Dr. Hilda Hutcherson: Many people tie this vaccine to sexual activity, but we need to separate it from sexual activity and look at it as cancer prevention. When you look at it as cancer prevention, it's a lot easier to embrace it. I tell moms that you are giving something to your daughter that could potentially save her life in the future.
Dr. Suzanne Gilberg-Lenz: I try to explain to moms, in plain English, what HPV is and why it poses problems -- i.e., what the virus is, what the subtypes are and which are the "bad players." I tell them that Gardasil may reduce the risk of transmission of four specific subtypes of the virus that can cause genital warts and that can cause dysplasia, or potentially precancerous changes of the cervix that may lead to cervical cancer if left untreated in some, not all, women. Moms should ask themselves: Are they getting their daughters vaccinated with a clear understanding of what the vaccination can and cannot do, or are they doing it out of panic, fear or guilt?
With all due respect, no one ever knows for sure what another is really up to, and even the best mother-daughter relationships might harbor some secrets. Furthermore, assuming that the non-sexual teen will reliably remain in that state is just an accident waiting to happen. I say, give your daughters (and sons!) all the best info and resources, and guide them to trusted grownups (counselors, doctors, etc.) ahead of time, if at all possible, so that they do have someone who is not you to talk to "just in case." My teen patients who are given these opportunities may feel embarrassed initially (the "Moo-oom!" syndrome), but also appreciate the respect that their parents are giving them to make decisions safely and wisely.
ml: Many mothers who write to us with hesitancy about the vaccine fear they are hurting their daughters by NOT allowing them to get the vaccine. Are they?
HH: I don't believe in making mothers feel guilty. I just try to provide the information. I say, "These are the facts we have right now. You use the information given to you and make the best decision based upon this." You as a mom have to make the right decision for your child.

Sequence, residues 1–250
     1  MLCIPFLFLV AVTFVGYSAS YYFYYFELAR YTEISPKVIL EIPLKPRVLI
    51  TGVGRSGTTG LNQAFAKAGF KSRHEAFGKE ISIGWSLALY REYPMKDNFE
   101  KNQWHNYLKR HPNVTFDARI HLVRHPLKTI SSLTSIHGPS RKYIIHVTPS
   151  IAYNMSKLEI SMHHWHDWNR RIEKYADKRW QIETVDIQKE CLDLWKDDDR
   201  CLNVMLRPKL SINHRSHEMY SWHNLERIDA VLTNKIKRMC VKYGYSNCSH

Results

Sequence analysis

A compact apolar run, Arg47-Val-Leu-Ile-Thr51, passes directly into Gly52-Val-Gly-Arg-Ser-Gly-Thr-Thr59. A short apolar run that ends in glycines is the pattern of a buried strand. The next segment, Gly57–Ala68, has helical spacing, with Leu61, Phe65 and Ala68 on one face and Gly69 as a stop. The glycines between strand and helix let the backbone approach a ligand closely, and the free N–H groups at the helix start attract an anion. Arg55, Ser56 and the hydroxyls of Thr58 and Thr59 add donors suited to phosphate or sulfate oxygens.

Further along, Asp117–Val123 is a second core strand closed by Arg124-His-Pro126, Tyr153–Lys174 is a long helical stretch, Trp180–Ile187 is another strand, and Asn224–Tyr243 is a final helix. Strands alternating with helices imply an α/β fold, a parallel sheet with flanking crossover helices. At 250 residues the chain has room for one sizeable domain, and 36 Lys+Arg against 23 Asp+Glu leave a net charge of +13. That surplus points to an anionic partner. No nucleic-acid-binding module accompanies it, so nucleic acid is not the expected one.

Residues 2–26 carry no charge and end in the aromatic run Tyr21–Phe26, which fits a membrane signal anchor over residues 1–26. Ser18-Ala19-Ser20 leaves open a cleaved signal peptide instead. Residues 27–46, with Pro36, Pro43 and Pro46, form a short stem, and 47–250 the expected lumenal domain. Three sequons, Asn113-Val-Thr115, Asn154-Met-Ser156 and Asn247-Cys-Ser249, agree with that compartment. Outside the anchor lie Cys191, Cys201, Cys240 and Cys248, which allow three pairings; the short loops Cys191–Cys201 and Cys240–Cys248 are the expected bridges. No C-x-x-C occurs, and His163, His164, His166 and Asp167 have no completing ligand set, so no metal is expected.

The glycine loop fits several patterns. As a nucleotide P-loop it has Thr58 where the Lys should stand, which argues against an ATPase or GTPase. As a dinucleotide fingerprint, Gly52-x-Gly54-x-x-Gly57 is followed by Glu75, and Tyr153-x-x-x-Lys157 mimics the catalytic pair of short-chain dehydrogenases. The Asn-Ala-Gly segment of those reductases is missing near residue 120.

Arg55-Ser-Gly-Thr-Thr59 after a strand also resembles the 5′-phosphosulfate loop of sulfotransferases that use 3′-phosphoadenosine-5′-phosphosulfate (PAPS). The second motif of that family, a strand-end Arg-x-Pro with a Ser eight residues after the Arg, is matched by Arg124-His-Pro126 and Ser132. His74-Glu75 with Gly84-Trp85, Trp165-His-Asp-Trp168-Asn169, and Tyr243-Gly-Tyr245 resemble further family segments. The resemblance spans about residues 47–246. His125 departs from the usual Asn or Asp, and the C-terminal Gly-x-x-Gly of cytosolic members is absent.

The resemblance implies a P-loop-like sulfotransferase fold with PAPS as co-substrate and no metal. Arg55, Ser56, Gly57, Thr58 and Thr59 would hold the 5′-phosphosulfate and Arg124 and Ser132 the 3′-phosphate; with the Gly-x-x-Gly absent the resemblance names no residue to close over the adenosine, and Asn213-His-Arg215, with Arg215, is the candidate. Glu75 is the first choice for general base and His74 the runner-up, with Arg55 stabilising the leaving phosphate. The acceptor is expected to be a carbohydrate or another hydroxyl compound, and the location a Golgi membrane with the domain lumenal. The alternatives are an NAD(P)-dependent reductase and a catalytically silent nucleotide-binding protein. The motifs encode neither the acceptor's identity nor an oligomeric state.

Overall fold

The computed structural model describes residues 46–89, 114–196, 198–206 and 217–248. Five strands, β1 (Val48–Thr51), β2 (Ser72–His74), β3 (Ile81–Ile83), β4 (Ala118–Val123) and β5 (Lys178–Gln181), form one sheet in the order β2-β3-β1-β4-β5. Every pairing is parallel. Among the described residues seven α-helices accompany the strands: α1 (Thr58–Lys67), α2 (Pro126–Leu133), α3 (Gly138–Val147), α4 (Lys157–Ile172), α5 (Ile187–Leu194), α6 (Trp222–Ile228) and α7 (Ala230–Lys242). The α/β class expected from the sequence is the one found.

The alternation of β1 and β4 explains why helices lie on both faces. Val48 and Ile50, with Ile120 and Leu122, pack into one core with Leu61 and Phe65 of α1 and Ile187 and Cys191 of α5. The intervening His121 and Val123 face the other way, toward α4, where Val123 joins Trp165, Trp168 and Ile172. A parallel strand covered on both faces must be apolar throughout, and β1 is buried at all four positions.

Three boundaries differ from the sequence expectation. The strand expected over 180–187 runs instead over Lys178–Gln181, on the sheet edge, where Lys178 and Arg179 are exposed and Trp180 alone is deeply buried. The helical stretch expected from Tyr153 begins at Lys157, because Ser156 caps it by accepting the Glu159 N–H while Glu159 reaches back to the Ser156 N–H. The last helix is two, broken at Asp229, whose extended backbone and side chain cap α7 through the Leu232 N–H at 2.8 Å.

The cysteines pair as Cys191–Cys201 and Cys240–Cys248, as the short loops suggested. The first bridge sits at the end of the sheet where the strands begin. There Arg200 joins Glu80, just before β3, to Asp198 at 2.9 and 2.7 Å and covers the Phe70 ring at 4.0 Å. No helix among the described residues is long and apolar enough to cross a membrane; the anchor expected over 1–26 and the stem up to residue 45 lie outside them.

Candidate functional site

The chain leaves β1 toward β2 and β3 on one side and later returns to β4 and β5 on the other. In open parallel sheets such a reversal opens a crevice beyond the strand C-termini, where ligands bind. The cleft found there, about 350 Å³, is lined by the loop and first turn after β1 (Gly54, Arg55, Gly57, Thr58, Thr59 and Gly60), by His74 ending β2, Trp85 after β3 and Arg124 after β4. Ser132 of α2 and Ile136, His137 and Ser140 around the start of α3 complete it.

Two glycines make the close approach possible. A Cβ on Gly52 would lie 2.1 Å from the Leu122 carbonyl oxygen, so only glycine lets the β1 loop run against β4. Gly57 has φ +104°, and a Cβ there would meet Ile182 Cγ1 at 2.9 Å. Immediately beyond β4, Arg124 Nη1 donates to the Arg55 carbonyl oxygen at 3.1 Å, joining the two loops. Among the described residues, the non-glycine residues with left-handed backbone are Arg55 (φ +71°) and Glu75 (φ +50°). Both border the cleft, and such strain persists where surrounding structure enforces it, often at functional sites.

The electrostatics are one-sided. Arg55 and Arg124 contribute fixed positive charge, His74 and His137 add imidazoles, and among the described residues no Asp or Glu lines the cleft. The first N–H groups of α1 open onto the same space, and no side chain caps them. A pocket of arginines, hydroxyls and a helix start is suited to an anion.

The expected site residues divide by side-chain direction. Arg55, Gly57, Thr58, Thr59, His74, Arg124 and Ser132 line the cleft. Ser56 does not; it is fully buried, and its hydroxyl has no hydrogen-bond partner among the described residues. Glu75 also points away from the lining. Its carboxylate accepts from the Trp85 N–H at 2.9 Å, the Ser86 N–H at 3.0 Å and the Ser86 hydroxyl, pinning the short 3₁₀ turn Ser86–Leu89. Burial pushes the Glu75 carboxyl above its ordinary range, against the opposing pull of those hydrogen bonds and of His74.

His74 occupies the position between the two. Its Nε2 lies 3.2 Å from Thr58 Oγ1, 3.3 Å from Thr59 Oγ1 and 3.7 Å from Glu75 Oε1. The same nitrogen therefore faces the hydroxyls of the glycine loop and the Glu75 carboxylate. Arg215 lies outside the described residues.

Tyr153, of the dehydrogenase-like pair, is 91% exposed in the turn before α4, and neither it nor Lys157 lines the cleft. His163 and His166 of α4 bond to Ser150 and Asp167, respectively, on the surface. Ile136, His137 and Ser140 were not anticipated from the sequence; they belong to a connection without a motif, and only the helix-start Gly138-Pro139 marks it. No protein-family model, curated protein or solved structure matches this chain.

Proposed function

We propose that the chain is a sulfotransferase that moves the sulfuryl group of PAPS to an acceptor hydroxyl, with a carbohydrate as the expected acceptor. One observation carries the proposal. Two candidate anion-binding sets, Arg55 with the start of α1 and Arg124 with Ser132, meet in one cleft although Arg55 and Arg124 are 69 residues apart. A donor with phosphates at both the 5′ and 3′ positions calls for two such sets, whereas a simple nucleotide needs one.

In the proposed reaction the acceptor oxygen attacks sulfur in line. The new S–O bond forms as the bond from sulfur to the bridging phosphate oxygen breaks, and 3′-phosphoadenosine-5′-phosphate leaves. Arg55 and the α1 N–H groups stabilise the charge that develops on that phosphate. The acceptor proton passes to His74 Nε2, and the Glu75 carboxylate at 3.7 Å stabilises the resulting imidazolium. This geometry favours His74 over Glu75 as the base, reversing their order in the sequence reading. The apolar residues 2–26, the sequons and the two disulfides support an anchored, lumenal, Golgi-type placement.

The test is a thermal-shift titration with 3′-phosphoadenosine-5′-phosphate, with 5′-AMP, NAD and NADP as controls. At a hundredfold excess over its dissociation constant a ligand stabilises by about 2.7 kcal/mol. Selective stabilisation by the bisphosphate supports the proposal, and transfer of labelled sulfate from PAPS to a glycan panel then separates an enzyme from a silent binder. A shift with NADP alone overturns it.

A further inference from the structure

SGL: It is true that rates of STDs among teens are on the rise. According to a 2006 Kaiser Family Foundation report, 25 percent of 15- to 19-year-olds and nearly 50 percent of American teens have had chlamydia, trichomoniasis or HPV, with HPV being most common. Thirty-five percent of 13- to 19-year-olds are HPV-positive. But it is also true that 80 to 90 percent of those infected even with the highest-risk HPV strains will clear the infection on their own within two years. In the end, it is a crapshoot!
ml: What about uninsured girls whose parents can't afford the pricey protection?
HH: The people who need it the most aren't getting it. It's an access issue. They don't have access to something that could be lifesaving, because they can't afford it. I feel it's something we should provide for women who can't afford it. Children aged 18 and younger may be eligible to get vaccines, including the HPV vaccine, for free through the Vaccines for Children program.
SGL: I believe that leveling the field was one of the aims of the bills that some states proposed to require vaccinations for school entry, similar to other more common vaccinations such as measles, hepatitis B, etc. It's also important to note here that 85 percent of diagnoses and deaths due to cervical cancer occur in developing nations. Clearly, poverty and lack of healthcare play a big role in this disease and need attention. We should be getting this vaccination to the poor women of the world, regardless of their country of residence.